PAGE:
Wednesday, July 1, 2009

37) The Golden Rule

"In everything do to others, as you would have them do to you." Matt.7:12
"Do naught to others, which if done to thee would cause thee pain." Hindu Philosophy
"What is hurtful to yourself, do not do to your fellowmen." Jewish Talmud
"What you do not want done to yourself, do not do to others." Confucius
"Regard your neighbor's gain as your own gain, and regard your neighbor's loss as your own loss." Taoist saying
The purpose of reproducing the five quotations, on the same thought, is to highlight
their universal appeal, not bound by religion or culture.

When we compare human interaction to a coin, on the one side, we have kind thoughts, words and deeds, which merit praise; on the other side, we have unkind thoughts, words and deeds, which crave forgiveness. Put differently, Praise and Forgiveness are the secrets to successful interactions; the essence of the Golden Rule. If only we affirm that we yearn for praise when we perform well and expect encouragement in our struggle, we can relate to the same 'longing' in others. Just as we want forgiveness for our lapses and misdeeds, others too hope to have their wrongs forgiven, though such forgiveness is not always requested. The Golden Rule is the practical expression of God's command that we love one another. When we love one another, we will find ways to demonstrate that love through praise and forgiveness. Seneca gave definite meaning to this situation, when he wrote: "Whenever there is a human being, there is an opportunity for kindness"; there is an opportunity for kindness through praise and forgiveness; there is an opportunity to live the Golden Rule.

If this belief is rooted in us, we will find ways to canalize it to our children, who will need it in every situation of their lives. This responsibility cannot be passed to schools or to Moral Instructors; it rests with us. In instructing our children, we could learn from an ancient Hawaiian family ritual of forgiveness, conducted once a year, or more often, if necessary. The head of the family calls everyone together. All who wish to be part of that family come. The first part of the rite is a prayer that everyone present be honest and open. The ancient Hawaiians
believed that truthfulness and sincerity had to be rocks on which relationships were
built. After the prayer, the head of the family starts on the second part - an honest
admission of all wrongdoings, grievances and resentments. If restitution is in order, it is done immediately, or plans are made to have it done in the near future.
The third part of the rite is forgiveness. Hawaiians view this part as the release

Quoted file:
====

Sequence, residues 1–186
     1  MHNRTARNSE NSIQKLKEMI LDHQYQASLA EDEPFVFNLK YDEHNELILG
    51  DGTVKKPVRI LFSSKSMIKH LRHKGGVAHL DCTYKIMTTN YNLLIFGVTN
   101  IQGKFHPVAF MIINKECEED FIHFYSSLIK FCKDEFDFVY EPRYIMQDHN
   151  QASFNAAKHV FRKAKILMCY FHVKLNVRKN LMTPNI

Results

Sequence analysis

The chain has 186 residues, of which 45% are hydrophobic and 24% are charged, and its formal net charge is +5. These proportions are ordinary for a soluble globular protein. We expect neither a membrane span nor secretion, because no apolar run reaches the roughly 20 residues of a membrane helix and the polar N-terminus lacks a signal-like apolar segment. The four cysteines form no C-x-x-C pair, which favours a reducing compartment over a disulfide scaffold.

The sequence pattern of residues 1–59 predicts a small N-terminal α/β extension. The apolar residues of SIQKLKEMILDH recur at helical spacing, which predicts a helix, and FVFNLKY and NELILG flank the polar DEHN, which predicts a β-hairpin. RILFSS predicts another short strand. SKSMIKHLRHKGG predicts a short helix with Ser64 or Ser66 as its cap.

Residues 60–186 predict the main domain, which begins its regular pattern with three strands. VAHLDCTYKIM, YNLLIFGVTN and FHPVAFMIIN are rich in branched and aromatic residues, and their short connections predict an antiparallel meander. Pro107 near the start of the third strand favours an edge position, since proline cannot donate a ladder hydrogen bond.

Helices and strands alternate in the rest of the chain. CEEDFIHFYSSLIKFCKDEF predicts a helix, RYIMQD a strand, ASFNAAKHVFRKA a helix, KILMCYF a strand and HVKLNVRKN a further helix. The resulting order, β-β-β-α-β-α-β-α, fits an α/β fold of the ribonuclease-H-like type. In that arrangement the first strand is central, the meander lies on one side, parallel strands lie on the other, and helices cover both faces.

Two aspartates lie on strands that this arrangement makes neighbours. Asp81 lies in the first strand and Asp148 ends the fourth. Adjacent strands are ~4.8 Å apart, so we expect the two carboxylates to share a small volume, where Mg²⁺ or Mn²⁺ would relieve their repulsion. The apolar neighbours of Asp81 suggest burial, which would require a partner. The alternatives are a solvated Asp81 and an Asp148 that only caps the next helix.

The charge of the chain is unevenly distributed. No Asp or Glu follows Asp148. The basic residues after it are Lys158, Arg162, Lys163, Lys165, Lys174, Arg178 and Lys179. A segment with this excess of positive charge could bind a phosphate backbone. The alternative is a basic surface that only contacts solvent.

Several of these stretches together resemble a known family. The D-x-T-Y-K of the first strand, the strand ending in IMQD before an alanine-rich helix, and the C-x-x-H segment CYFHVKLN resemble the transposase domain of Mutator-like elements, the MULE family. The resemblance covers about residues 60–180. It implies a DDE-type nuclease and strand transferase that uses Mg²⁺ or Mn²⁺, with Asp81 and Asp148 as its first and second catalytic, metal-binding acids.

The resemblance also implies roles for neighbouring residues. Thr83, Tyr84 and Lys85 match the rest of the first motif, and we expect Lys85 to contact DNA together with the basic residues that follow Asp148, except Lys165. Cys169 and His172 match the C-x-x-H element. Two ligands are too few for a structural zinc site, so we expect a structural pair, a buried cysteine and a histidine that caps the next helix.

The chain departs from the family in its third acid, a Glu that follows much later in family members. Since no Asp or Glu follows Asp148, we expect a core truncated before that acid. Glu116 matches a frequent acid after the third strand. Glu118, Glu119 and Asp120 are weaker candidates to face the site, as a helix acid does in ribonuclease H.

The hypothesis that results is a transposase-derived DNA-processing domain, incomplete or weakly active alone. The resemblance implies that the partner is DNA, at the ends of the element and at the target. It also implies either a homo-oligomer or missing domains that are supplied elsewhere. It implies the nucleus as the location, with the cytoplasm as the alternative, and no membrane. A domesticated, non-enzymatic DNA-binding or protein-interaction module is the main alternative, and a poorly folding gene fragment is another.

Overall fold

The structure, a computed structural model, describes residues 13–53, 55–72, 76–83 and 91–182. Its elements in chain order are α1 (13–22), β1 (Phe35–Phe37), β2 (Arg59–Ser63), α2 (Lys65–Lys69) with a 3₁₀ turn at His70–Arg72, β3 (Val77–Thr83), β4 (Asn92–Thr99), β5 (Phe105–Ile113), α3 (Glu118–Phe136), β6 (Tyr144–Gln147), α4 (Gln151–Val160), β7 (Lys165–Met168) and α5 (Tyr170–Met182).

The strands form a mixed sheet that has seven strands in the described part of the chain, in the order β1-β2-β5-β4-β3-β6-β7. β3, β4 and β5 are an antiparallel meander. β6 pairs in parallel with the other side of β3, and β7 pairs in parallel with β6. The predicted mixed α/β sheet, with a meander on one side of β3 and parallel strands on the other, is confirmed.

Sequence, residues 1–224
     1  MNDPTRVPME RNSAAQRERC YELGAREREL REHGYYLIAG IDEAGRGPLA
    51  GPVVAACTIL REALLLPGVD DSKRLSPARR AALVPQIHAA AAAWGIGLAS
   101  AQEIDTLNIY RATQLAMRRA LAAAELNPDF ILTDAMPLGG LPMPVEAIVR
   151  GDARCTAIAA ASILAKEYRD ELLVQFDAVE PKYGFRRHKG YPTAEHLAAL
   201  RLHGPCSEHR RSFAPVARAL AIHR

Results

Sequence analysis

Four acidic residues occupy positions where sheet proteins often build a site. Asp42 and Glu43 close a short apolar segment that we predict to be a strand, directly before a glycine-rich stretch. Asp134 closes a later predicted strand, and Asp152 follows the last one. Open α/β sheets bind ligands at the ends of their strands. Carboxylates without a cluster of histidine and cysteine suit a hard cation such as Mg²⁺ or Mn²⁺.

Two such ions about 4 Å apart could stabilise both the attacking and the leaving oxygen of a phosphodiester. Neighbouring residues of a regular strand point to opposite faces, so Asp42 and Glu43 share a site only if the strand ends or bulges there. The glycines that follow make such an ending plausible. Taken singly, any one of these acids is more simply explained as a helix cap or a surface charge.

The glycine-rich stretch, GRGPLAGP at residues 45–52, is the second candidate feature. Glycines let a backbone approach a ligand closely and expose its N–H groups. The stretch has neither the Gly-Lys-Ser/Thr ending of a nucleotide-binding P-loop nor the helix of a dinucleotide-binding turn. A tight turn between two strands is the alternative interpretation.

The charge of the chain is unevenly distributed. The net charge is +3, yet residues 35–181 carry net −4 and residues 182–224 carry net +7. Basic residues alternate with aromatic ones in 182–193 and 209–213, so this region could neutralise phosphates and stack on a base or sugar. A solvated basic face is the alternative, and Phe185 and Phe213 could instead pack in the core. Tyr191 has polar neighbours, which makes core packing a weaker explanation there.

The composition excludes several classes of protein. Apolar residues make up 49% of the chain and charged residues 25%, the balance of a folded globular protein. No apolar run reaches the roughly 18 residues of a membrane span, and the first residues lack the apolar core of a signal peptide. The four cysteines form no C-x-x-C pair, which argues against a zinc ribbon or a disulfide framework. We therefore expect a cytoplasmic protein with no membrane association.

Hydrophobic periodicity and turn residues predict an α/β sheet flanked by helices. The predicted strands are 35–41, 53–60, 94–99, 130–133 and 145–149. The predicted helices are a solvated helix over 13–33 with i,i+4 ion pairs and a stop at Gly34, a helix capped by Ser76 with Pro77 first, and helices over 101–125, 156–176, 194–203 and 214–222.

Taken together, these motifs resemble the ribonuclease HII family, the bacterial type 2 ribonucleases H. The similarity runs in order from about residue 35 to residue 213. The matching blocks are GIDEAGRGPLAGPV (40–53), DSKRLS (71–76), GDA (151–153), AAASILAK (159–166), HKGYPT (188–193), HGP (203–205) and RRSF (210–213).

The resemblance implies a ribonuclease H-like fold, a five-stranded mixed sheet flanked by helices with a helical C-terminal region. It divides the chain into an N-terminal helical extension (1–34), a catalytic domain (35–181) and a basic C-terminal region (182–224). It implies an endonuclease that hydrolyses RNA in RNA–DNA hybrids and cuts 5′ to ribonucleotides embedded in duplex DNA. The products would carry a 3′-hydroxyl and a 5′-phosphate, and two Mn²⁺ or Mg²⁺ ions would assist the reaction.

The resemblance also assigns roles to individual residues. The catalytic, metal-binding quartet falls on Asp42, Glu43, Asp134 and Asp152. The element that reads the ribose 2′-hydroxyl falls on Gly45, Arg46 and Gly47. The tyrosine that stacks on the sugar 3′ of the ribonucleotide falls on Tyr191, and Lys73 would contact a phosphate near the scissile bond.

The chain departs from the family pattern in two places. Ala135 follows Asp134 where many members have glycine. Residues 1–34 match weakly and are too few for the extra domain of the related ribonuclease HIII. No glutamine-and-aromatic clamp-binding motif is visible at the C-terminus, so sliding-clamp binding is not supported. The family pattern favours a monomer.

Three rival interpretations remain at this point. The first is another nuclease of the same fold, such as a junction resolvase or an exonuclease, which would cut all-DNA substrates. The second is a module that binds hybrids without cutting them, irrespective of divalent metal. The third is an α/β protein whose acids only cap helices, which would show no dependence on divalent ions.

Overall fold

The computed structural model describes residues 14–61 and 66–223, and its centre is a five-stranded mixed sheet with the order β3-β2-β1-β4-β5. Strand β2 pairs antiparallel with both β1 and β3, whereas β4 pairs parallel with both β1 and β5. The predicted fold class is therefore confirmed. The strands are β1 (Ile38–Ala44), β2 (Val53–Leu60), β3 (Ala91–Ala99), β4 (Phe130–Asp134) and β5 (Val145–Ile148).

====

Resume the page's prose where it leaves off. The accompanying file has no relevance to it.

from all tension, resentment and guilt, in the family. Then the head of the family makes it clear that the disputes in the family are over, finished and forgotten, never to be brought up again. The person forgiven no longer bears the burden of guilt; the person forgiving no longer carries the weight of resentment. They know that they need God's help, so the ritual ends with a prayer that love and God's peace reside in the family. What strikes us in this edifying ritual is that the family(not just an individual), has honesty of purpose, courage to admit to wrongdoing, sincerity and nobility in forgiving misdeeds and the resolve to forget what is forgiven. Would to God that Modern Society emulated the Hawaiians! Peace would reign.

Goethe's logic adds substance to what we have seen. "I see no fault that I might not have committed myself." We are vulnerable; so are others. When such kind thoughts occupy our minds, we will be less harsh in condemning others who err.

Retribution, the opposite of forgiveness, does not make sense, for good reason:
1) From experience we know that retaliation is possible only with those who are weaker than we are. With those who are powerful(e.g.,the boss)we are afraid to take revenge because of adverse consequences. So, spitting venom on the weak exposes our weakness and cowardice. Certainly, we do not want our children to be labelled 'cowards'.
2) Medical findings prove that stoking grudges in our hearts, burns up our health, ruins our performance and unsettles our disposition. Therefore it does make sense to drain out grudges and fill our hearts with forgiveness and goodwill. When our children learn to forgive, they will enjoy better health and better relationships.
3) Vengeance is a never ending business. A family feud passes from father to son, to son. When will it stop? The 100 years war in England, which went on mindlessly, just to settle scores, proved nothing. Let us pledge that our children will not receive
a baggage of vengeance from us, as a legacy.
4) Retaliation is another form of 'stooping to conquer'. We descend from the pedestals, we imagine we occupy, to indulge in murderous plots. Certainly not in good taste; not becoming of us who espouse nobler aspirations. Let our bad example not corrupt our children.

The reasons could go on. We shall put an end to them citing the example of the Korean mother, whose only son was killed, stabbed 17 times. She was filled with rage and hate and wished all kinds of harm to befall the killer, until she reluctantly joined a prayer meeting. As she prayed for consolation, she was inspired to stand up and shout forgiveness. Then in a change of heart, she visited the killer in prison to tell him of her plan to adopt him as her son. Imagine the turmoil in the mind of the killer!

We need God's help to forgive. He is never found wanting. Our children need our help
to learn how to forgive. Will we be found wanting?

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